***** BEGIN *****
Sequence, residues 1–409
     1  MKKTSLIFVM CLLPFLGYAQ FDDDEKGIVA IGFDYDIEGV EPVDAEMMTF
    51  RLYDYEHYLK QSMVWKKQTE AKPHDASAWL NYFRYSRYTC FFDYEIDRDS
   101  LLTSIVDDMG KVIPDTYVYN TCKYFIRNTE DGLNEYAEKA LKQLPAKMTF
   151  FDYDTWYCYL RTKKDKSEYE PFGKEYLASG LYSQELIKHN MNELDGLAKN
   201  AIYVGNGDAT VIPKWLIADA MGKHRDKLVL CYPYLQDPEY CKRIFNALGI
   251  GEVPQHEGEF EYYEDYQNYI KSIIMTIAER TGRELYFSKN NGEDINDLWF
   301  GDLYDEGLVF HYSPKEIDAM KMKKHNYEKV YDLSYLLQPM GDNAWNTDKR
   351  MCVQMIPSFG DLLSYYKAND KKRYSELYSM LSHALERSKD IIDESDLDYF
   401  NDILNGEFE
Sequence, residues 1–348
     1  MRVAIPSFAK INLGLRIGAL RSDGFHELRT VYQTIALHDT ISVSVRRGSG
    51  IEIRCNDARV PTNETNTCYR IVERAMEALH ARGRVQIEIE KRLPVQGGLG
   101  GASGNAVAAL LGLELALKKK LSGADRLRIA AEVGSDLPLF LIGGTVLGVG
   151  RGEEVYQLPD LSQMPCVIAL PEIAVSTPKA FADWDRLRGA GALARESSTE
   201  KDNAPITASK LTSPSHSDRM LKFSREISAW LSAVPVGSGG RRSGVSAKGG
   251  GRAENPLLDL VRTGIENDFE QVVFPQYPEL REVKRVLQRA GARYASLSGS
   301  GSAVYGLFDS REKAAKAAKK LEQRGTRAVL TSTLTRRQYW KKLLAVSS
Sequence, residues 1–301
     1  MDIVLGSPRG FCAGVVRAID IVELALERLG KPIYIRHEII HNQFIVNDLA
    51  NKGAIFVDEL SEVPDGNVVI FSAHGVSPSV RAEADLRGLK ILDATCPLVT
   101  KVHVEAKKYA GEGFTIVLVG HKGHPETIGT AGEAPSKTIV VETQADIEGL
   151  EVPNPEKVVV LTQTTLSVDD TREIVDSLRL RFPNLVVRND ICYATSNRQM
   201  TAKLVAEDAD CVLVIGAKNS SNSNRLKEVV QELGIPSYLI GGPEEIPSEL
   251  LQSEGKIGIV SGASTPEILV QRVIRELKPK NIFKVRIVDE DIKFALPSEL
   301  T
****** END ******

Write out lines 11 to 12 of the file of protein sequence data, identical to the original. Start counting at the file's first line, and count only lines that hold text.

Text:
Sequence, residues 1–348
     1  MRVAIPSFAK INLGLRIGAL RSDGFHELRT VYQTIALHDT ISVSVRRGSG